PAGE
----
Share Tweet Share Email

Operating Staff announces quartet of recipients of annual Outstanding Service Awards for 2010

April 27, 2011

Four members of NIU’s Operating Staff have been chosen to receive the Outstanding Service Award for 2010.

The recipients are Jill Draves, a secretary in the Department of Teaching and Learning; Mary Kain, office administrator for the School of Nursing and Health Studies; Renee Page, program administrative assistant for the Office of External Programs in the College of Visual and Performing Arts; and Sophia Varcados, graphic designer in Media Services, part of the Division of University Relations.

More than 1,600 employees make up the Civil Service staff. Each year, four are selected by a committee of their peers to receive the award of plaques and $1,500. They will be honored at a Thursday, May 12, banquet.

Here is a closer look at the recipients.

Jill Draves
Department of Teaching and Learning, College of Education

Jill Draves

Jill Draves

Many, if not most, secretaries can claim that they act as the eyes and ears of their bosses.

For Jill Draves, half of that statement is completely true.

Draves is secretary to three professors and four adjunct instructors who teach in the Department of Teaching and Learning’s visual disabilities program. Gaylen Kapperman, coordinator of that program, is himself severely visually disabled.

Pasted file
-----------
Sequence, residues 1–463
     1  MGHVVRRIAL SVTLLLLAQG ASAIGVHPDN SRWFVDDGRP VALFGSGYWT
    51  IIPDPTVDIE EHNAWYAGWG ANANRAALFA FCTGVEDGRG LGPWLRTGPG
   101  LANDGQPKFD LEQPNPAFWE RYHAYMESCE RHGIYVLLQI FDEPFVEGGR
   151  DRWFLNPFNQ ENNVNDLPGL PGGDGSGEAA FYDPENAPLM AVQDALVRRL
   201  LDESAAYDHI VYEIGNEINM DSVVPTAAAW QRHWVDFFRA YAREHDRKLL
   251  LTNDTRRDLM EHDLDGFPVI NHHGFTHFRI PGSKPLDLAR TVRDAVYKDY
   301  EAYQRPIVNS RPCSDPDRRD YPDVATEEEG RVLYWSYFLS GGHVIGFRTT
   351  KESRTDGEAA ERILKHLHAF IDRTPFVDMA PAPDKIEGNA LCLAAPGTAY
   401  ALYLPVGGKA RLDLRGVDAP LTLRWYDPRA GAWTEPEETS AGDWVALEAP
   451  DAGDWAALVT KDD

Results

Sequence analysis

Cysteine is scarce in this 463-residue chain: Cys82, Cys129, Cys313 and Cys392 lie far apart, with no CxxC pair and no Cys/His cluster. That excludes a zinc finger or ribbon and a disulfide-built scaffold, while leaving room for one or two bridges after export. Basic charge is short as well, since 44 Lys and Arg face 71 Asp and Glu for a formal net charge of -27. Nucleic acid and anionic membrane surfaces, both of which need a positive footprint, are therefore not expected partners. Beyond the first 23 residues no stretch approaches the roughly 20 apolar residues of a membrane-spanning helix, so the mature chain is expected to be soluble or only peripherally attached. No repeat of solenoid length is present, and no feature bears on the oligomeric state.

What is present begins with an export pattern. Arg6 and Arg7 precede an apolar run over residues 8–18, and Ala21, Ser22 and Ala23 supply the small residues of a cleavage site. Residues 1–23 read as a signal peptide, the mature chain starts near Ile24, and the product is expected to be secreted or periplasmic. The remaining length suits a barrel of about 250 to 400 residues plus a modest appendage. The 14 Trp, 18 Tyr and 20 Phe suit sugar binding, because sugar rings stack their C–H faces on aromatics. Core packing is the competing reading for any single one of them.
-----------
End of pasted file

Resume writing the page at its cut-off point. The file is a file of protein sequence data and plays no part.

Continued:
“Without her assistance, I could not carry on with my duties here,” Kapperman says. “She reads numerous pieces to me whenever that is necessary. She handles all types of confidential information that pass across my desk. Jill accompanies me to various high-level committee meetings.”

Employed as Kapperman’s secretary for 20 of her 27 years at NIU, Draves oversees a budget that requires her management of several externally funded grants.

Between 20 and 25 graduate assistants and between 10 and 15 undergraduate students are recipients each year of state and federal dollars as well. This year’s total is $1.3 million.

She provides the program’s 50 students not only information on navigating university rules and regulations but with advice and nurturing. For those who are visually disabled, she understands and makes the necessary accommodations.

In the DeKalb County community, she is known for sharing her tie-dying skills at local festivals and libraries, where she has taught that art to children. She also is a member of the DeKalb County Quilters Guild and of Angels for Hope, which crochets angels, butterflies and smiley faces to send to people in need of hope.

Mary Kain